Co-Cathedral to promote service through Caritas Day

March 25, 2014

HOUSTON — A candy store couldn’t have more choices than the Co-Cathedral of the Sacred Heart’s service projects for this year’s day of service, otherwise known as Caritas Day.

On Saturday, April 5, hundreds of volunteers will be spreading their charity of spirit at local shelters, food pantries, community gardens, hospitals and through projects that will be done on site at the nearby Cathedral Centre, 1701 San Jacinto St., in downtown Houston.

Volunteer tasks include making bean soup bags for local food pantries and creating scrapbook diaries for children at Casa de Esperanza. Community projects range from taking a blind person on a tandem bike ride and weeding a community garden, to hosting a picnic for refugee youth and building wheelchair ramps for the disabled.

“The neat thing about Caritas Day is there’s something for every age,” said Wendy Garaghty, the Co-Cathedral’s outreach coordinator who is organizing the event. “It allows families to serve together and older adults to get involved.”

Though dozens of local agencies and thousands of people will be beneficiaries of these good deeds, Garaghty said the idea is to spur not just one morning of service, but to raise awareness about the community’s needs and engender continued service.

“It empowers our parishioners to know what to do when Jesus comes in front of us, so they can help others,” Garaghty said.

Inspired by the Jewish community’s Mitzvah days, Caritas Day was devised by parishioners to raise awareness of Catholics helping in the community during Lent, to easily access volunteer opportunities and to bring the Catholic community together, according to Garaghty. The event also provides an opportunity for partner agencies, such as Urban Harvest and Catholic Charities, to tell the wider community about what they do, how they serve their clients and how to get involved in volunteering.

If last year is anything to go by, Garaghty expects 500-plus volunteers to sign up for this third annual event and also hopes to attract parishioners from other parishes. The first year there were 300 volunteers, while last year 525 volunteers showed up and served about 12,000 people.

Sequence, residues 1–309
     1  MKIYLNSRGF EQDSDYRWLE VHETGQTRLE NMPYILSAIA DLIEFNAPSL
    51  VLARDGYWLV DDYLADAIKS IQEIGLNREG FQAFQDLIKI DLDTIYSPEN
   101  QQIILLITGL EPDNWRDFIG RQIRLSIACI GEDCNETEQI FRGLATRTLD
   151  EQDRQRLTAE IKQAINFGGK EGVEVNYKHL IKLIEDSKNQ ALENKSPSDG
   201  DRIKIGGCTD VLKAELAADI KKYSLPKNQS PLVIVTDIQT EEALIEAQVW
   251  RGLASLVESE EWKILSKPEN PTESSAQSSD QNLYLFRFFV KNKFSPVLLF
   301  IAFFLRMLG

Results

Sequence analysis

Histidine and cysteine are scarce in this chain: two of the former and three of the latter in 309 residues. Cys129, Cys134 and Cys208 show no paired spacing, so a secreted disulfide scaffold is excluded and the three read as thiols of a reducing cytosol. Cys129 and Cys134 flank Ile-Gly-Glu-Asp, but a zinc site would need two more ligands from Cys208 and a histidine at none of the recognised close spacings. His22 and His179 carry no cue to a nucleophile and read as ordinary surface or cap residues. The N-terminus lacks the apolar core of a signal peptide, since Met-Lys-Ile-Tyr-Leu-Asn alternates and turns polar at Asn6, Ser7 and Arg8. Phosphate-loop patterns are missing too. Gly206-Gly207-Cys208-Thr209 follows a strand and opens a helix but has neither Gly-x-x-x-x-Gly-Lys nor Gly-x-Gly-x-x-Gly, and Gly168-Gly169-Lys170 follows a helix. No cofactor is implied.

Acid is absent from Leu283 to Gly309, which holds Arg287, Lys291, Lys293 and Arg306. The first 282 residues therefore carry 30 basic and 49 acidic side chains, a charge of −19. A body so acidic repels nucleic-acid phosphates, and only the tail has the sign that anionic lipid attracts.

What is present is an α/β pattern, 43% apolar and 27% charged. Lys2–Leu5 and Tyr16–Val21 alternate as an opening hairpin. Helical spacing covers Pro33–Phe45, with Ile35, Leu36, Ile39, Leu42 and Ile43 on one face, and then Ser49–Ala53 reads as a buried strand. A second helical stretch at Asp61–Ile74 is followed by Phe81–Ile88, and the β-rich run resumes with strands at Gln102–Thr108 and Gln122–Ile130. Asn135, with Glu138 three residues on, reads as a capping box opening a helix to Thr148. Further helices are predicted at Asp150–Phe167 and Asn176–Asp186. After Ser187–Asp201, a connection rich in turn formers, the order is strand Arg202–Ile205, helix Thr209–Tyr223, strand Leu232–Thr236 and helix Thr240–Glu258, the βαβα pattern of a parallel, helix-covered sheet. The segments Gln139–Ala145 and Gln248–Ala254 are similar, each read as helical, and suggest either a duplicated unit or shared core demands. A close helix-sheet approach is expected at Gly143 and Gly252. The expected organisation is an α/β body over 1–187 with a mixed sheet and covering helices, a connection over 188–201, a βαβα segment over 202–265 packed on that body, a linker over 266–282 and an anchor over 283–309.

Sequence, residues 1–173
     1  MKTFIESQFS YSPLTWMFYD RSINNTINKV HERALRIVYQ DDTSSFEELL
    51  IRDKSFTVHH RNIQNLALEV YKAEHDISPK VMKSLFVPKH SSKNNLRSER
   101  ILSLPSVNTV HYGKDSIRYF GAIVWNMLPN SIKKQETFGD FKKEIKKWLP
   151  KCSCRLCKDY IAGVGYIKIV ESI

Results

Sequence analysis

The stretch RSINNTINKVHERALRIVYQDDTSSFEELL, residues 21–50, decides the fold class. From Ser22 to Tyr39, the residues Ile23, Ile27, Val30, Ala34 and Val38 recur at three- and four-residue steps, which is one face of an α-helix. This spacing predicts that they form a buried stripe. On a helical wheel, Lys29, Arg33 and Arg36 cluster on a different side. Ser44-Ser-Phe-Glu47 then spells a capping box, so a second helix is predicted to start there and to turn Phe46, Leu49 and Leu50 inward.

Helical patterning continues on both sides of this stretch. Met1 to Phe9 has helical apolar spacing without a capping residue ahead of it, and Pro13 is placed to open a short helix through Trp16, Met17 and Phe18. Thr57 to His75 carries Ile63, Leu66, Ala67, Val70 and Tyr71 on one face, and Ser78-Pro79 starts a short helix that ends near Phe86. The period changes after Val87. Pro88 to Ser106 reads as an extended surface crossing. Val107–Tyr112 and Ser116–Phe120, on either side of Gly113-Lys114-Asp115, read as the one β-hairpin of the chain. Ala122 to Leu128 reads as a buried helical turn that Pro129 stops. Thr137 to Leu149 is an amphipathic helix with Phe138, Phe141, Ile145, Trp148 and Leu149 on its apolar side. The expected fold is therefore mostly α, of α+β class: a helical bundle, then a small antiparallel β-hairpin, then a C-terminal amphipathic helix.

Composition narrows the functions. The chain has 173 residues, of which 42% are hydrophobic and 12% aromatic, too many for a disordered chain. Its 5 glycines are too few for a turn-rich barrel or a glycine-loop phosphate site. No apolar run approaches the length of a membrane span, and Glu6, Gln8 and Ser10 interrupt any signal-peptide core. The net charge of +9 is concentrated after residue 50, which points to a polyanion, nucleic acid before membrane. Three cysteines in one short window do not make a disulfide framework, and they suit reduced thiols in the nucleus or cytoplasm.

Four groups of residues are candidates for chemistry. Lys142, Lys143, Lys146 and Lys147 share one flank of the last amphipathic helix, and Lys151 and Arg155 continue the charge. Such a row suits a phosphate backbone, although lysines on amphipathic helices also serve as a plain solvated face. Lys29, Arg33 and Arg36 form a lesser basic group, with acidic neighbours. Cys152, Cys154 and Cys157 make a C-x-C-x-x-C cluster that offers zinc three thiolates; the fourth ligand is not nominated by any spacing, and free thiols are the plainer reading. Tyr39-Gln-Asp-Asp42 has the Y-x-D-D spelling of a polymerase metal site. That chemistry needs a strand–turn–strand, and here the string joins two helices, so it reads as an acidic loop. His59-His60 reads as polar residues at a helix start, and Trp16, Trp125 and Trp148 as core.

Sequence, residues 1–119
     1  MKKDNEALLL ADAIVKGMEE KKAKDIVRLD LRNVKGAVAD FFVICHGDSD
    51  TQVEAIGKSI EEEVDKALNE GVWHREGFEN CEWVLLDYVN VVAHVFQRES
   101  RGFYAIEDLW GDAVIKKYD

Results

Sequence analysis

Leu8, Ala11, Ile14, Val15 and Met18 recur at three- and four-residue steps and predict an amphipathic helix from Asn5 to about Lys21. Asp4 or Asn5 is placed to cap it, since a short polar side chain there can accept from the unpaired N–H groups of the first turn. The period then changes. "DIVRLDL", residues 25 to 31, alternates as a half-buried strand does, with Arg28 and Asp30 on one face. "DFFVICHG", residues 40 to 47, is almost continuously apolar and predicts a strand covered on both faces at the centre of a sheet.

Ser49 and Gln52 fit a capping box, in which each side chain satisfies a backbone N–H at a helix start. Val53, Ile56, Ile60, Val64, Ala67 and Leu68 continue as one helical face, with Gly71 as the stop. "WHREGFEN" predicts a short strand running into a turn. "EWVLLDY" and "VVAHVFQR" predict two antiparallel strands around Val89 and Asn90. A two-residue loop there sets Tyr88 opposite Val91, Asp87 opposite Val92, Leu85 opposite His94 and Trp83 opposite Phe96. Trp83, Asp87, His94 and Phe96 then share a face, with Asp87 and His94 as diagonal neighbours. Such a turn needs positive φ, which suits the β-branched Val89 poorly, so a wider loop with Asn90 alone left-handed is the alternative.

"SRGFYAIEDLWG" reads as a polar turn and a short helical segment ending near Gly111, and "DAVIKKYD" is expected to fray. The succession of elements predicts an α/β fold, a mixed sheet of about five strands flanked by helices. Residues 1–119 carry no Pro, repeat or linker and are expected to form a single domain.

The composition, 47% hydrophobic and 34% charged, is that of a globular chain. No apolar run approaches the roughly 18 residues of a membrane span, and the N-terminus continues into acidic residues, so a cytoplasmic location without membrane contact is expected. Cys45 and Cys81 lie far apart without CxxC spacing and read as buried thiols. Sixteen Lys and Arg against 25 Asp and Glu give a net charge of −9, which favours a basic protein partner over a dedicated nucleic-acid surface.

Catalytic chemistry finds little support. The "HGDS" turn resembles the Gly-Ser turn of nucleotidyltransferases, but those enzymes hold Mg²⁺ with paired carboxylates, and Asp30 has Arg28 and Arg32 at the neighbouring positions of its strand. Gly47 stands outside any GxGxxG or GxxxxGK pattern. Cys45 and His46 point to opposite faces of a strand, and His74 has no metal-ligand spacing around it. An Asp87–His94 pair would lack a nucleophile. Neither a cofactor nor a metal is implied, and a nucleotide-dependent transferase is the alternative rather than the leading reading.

“Our main objective is to connect ordinary people with a volunteer experience and inspire them to do it again,” Garaghty said. It seems to be working.

Rhonda Sepulveda of Catholic Charities said volunteers have returned to help senior citizens clean and mow their yards, even in the heat of the summer, and to help out at St. Michael’s Homes for Children.

In addition, she said they have the opportunity to educate volunteers about their programs, including adoption, foster care and immigration legal services.

“Casa de Esperanza would not exist had it not been for the wonderful volunteers we’ve had over the years, and whenever we have an opportunity to engage potential volunteers we are very excited,” Ashley McFarland of Casa de Esperanza said in an email.

If that were not all, Caritas Day also was the catalyst for the Co-Cathedral’s outreach ministry, formed last March. Garaghty said about 1,200 parishioners have participated in volunteer outreach projects through the ministry.

“In the surveys we had taken and the feedback we received (from Caritas Day), people wanted more,” Garaghty said. This year, the event also includes projects with bilingual leaders in Spanish, Vietnamese, French and Portuguese.